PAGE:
Distributors of automotive batteries (starter batteries for vehicles) are obligated to charge end consumers a deposit of 7.50 euros including value-added tax if they do not return a used automotive battery when purchasing a new one. The deposit will be reimbursed when an automotive battery is returned. Distributors offering automotive batteries using means of distance communication have the option to reimburse the deposit upon submission of proof of return instead of the actual used battery. The proof of return must document the proper disposal, for example through a public waste management authority or a local retailer. Distributors offering batteries of the same type are obligated to take back waste automotive batteries free of charge and provide consumers with proof of return. Waste automotive batteries that are returned can be disposed of by the distributors themselves or handed over to the manufacturers free of charge for disposal. Distributors who place industrial batteries on the market are obligated to take back used batteries of the same type free of charge. Distributors can dispose of the batteries themselves or return them to the manufacturers free of charge.
Public waste management authorities are obligated to take back used portable batteries free of charge, which consumers in turn have to separate from waste equipment pursuant to the Electrical and Electronic Equipment Act (ElectroG). In addition, they can voluntarily take back all other waste portable and automotive batteries free of charge. The collected waste portable batteries then have to be transferred to one of the collection schemes for disposal. If public waste management authorities offer the option of returning waste automotive batteries, they must do so free of charge and provide the consumer with proof of return. Public waste management authorities are themselves responsible for the disposal of waste automotive batteries.
Batteries containing harmful substances have to be labelled. Batteries may only be placed on the market if the manufacturer has registered with stiftung ear (waste electrical and electronic equipment (WEEE) register foundation) before their participation in the market. Key information to be provided for registration includes the brand and type of battery that is to be placed on the market.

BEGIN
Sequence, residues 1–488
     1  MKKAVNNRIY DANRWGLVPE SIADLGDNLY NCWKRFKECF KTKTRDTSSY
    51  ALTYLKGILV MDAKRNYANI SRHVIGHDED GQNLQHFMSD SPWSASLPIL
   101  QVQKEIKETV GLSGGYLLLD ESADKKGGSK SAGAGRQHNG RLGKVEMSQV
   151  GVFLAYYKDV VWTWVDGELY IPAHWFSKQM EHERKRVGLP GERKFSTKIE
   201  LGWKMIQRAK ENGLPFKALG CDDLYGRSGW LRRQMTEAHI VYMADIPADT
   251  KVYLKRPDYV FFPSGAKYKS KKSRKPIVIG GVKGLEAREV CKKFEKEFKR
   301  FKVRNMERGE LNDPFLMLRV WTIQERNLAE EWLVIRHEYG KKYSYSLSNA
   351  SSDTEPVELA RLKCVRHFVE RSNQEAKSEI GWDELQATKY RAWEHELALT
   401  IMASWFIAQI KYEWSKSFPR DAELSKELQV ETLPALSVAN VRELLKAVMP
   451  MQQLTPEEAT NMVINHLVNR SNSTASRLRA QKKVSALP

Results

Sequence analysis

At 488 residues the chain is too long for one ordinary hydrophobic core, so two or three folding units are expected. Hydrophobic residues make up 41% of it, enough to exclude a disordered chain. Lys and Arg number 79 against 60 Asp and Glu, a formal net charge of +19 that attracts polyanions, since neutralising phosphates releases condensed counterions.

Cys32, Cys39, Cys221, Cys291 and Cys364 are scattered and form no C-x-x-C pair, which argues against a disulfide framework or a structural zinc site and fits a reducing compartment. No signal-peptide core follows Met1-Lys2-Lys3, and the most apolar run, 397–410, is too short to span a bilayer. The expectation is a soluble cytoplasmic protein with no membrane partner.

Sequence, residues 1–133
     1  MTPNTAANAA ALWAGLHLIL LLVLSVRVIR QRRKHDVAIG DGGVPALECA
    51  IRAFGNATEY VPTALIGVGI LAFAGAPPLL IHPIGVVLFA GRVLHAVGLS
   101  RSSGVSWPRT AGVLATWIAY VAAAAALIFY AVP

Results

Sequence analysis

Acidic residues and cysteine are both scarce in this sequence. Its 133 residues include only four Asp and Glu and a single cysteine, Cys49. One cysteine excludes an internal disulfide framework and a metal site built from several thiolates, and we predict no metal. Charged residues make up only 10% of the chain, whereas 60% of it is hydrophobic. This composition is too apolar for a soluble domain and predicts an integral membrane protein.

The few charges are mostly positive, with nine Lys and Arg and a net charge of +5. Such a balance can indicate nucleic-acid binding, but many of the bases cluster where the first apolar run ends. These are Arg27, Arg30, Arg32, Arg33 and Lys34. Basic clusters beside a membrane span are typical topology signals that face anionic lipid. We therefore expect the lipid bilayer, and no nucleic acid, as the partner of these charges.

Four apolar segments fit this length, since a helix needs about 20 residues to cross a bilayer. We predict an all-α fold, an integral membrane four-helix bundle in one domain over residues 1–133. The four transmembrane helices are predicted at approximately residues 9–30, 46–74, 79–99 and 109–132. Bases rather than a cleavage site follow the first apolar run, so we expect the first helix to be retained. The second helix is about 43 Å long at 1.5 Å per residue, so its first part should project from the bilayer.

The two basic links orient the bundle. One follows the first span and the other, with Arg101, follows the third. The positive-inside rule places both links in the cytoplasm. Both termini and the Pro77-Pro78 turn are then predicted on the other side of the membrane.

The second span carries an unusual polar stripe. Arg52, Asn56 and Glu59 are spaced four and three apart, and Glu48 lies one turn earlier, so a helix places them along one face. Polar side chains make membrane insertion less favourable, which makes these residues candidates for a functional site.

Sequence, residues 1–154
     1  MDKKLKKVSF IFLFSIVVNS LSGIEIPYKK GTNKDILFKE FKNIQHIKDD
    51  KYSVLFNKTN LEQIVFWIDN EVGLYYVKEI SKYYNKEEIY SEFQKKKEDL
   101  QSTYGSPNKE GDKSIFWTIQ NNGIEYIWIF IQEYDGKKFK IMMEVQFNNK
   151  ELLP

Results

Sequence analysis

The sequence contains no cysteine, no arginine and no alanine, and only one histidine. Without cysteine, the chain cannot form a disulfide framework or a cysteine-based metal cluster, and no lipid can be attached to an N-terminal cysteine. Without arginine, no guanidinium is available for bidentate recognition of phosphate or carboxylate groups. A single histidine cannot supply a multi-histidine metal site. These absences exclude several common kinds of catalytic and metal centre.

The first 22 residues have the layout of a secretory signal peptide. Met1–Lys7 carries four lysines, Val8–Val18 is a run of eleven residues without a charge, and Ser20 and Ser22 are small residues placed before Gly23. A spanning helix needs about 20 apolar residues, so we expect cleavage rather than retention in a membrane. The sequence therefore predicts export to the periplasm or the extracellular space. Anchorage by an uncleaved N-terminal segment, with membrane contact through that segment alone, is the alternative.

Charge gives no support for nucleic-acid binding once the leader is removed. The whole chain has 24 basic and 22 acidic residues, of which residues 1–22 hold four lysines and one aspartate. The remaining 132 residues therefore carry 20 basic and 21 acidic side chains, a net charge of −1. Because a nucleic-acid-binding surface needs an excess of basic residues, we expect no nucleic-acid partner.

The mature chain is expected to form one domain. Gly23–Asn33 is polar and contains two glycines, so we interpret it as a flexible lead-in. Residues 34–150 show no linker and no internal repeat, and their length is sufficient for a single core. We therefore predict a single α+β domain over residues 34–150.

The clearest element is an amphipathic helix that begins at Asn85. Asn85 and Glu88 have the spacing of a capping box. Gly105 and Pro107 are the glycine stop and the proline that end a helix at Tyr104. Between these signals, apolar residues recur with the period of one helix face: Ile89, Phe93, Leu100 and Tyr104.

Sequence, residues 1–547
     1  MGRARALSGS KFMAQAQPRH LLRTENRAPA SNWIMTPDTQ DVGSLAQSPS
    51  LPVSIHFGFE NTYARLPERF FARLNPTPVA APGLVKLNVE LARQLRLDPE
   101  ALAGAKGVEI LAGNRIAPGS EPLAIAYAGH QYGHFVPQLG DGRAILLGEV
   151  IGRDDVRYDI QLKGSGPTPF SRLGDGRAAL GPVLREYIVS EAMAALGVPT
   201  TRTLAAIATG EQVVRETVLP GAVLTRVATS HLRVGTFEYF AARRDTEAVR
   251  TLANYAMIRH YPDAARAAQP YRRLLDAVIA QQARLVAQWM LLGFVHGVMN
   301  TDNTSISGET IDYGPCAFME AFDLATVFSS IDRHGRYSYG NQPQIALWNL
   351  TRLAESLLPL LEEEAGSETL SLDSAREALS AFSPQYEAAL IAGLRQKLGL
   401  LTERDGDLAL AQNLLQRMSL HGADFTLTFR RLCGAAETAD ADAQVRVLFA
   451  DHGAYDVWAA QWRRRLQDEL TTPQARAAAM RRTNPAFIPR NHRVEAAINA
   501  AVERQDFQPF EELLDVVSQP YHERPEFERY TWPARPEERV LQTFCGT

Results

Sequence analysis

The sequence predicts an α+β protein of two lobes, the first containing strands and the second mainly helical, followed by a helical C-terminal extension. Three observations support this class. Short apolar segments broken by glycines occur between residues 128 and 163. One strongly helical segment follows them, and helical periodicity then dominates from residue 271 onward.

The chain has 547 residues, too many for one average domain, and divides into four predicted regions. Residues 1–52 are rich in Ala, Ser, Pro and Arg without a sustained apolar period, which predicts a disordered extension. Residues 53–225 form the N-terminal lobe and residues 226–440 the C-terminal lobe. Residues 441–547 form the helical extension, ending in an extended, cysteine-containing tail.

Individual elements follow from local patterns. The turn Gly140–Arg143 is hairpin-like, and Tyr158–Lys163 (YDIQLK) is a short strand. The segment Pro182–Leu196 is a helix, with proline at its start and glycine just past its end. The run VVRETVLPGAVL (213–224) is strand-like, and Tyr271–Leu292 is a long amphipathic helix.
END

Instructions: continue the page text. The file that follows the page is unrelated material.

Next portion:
Manufacturers can ensure collection of waste portable batteries through participation in one or more of the collection schemes set up or operated by manufacturers. As part of the registration process, manufacturers will have to state which collection scheme they will use. One of the main obligations of manufacturers and the collection schemes they are using is to provide consumer information. The collection schemes are therefore obligated to jointly inform consumers, to an appropriate extent, of their obligations to properly dispose of waste portable batteries and to jointly design a uniform label for collection points. Against the background of the risks associated with waste batteries containing lithium, manufacturers are also obligated to inform consumers about the risks of the use, collection and treatment of batteries containing lithium. In future, collection schemes will have to step up their collection efforts in order to reach the collection rate for waste portable batteries of at least 50 percent.
Manufacturers are also obligated to take back waste industrial and automotive batteries free of charge for distributors and treatment facilities taking back waste electrical and electronic equipment (WEEE) and end-of-life vehicles (ELVs). Stakeholders taking back WEEE and ELVs may also take care of disposal themselves. However, they must then ensure that all requirements for treatment are met.
The treatment of waste batteries is carried out on behalf of the manufacturers or, in the case of the disposal of waste industrial and automotive batteries, by those taking back the batteries. In this, it must be ensured that the stipulated recycling efficiencies are achieved. The disposal of automotive and industrial batteries is prohibited.
Consumers are obliged to return waste batteries to retailers, collection points set up by public waste management authorities (for example mobile pollutant collection centres and recycling centres) or voluntary collection points (for example public institutions, businesses).